It is estimated at least 50,000 readers in Spain have transitioned to digital reading – ebooks and audiobooks – in the past three weeks as lockdown in Spain keeps bookstores closed, people at home, and makes online print delivery an unnecessary hazard for warehouse and delivery workers.
Spain’s eBiblio government-operated public library platform has grown 130% since the State of Emergency was declared, picking up over 18,000 new users in three weeks, while eLiburutegia, the Euskadi digital books platform has picked up 6,000 new users.
Bookwire and Libranda are both reporting a 50% increase in digital books engagement, while Kobo says ebooks are up 140% and audiobooks 254%.
Subscription platform Nubico reports a 3-fold sign-up increase, with content consumption up 32%. Spotify audiobook consumption is up 17%.
As Javier Celaya says in an Op-Ed for Dosdoce:
Confinement is transforming the book discovery habits of thousands of readers, as well as their purchase and consumption on screens.
While we can argue the detail of the numbers (these may well be very conservative, as they do not take into account untracked consumption on platforms like Amazon, Apple, Scribd, etc), what we can be sure of is that the pattern is being replicated around the world wherever digital books are meaningfully available.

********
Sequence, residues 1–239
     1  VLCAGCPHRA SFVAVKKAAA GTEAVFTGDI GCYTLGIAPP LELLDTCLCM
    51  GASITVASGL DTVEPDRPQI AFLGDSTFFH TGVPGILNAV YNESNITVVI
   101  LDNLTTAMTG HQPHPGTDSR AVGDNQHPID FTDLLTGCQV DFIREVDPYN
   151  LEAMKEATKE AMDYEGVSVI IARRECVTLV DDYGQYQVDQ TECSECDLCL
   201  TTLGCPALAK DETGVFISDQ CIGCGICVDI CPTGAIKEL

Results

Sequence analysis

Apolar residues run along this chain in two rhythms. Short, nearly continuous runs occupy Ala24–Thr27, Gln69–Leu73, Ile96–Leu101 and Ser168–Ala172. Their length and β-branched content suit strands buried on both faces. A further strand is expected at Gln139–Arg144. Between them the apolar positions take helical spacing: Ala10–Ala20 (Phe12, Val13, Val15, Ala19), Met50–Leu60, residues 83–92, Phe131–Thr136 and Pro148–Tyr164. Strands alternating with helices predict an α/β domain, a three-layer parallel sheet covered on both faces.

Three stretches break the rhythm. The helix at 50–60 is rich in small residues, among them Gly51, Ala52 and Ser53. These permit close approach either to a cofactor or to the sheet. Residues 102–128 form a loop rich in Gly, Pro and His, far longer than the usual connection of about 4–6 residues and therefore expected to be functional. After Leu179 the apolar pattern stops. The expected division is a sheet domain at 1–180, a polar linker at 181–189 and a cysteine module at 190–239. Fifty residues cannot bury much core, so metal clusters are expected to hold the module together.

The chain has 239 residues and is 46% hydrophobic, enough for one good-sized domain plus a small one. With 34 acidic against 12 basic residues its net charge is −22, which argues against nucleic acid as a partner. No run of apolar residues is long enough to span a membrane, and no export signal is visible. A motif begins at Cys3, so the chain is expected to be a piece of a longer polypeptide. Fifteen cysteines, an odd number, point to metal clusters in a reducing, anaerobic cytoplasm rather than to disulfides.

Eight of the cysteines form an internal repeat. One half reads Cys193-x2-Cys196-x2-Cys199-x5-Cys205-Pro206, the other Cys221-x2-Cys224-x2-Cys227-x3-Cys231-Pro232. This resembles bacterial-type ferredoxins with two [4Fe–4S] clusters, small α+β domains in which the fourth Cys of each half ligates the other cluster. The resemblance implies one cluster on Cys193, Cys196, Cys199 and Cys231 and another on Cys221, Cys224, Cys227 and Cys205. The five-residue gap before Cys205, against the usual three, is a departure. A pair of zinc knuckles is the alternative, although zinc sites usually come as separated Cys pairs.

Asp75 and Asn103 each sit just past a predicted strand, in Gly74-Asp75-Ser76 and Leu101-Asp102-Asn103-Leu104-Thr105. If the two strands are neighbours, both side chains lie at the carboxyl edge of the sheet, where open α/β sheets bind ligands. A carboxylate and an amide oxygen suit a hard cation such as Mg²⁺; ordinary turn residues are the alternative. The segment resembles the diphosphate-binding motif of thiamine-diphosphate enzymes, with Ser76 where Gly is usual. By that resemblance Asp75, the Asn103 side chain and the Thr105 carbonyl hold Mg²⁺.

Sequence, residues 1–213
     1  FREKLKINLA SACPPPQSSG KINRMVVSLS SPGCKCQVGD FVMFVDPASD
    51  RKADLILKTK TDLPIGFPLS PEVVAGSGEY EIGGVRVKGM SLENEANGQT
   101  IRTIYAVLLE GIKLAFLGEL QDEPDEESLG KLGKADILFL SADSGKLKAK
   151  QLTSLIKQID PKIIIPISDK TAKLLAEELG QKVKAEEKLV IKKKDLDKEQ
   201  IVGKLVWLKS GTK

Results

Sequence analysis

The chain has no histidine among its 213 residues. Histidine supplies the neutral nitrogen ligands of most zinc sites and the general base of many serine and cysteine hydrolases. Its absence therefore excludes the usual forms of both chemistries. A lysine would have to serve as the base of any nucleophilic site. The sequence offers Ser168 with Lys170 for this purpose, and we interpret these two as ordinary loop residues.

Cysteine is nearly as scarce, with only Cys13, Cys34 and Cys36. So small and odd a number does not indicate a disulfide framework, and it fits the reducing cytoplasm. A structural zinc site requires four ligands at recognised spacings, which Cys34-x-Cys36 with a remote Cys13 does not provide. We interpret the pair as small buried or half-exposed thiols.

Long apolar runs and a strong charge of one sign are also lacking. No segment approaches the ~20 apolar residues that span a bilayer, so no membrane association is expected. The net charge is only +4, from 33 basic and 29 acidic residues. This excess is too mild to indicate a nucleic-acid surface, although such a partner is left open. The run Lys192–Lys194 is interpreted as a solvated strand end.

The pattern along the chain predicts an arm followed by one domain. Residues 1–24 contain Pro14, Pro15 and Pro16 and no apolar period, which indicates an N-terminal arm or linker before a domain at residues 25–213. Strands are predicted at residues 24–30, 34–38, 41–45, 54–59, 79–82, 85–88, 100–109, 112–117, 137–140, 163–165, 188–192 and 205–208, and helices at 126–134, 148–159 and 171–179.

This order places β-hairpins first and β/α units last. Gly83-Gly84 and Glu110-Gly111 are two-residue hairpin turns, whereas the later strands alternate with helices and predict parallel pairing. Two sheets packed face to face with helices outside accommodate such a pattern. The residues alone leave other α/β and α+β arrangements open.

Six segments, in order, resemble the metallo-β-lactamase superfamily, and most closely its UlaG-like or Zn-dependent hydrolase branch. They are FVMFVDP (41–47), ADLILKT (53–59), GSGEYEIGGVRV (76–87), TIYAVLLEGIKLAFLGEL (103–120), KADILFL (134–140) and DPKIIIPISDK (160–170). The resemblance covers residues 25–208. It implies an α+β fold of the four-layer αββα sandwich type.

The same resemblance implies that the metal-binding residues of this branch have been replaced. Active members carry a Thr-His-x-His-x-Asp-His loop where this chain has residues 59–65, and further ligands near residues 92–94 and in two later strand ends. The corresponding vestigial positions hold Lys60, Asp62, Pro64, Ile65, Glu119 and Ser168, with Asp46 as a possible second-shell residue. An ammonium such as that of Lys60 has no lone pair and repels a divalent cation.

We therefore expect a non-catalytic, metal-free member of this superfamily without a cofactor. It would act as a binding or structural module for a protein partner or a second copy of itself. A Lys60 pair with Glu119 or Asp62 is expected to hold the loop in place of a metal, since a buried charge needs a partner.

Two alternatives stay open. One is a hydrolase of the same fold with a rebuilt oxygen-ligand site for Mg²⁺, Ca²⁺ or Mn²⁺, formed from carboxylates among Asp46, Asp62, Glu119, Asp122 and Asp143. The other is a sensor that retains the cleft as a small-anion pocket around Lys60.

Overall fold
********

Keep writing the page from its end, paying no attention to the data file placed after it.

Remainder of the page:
The longer the pandemic crisis continues, the longer time for dedicated print readers to migrate to digital, even as print-based stakeholders like booksellers struggle to survive. Many will stay hybrid readers or even transition fully to digital afterwards.
To be clear, there’s no suggestion this will be an extinction-event for print – but when this is over and we return to whatever the new normal may be, digital books will play a far larger part in the lives of consumers and publishers than we could ever have imagined as this new decade began just a few short months ago.
And for publishers who have for years been practicing digital-distancing not because of any irrational dislike of digital but because of fears that embracing digital would strengthen Amazon’s hand, now is not the time to be thinking how to downplay digital in the future.
Rather now is the time to, in the parlance of self-publishing authors, “go wide” to ensure Amazon’s value is collectively balanced by treating other digital outlets seriously, and to embrace counter-intuitive business models like unlimited subscription to ensure a more favourable balance in publishers digital reach and revenue streams.
Because even if the majority of booksellers survive this crisis and when all the restrictions are lifted and consumers are free to spend where they want, we have to understand that a desperately weakened global economy will for the foreseeable future thrust printed books, with their scant price flexibility, into the luxury category for most people around the world.
For authors and publishers that embrace digital’s capacity to offer flexible pricing, consumer demand will remain high.
Global publishing will never return to its pre-pandemic status.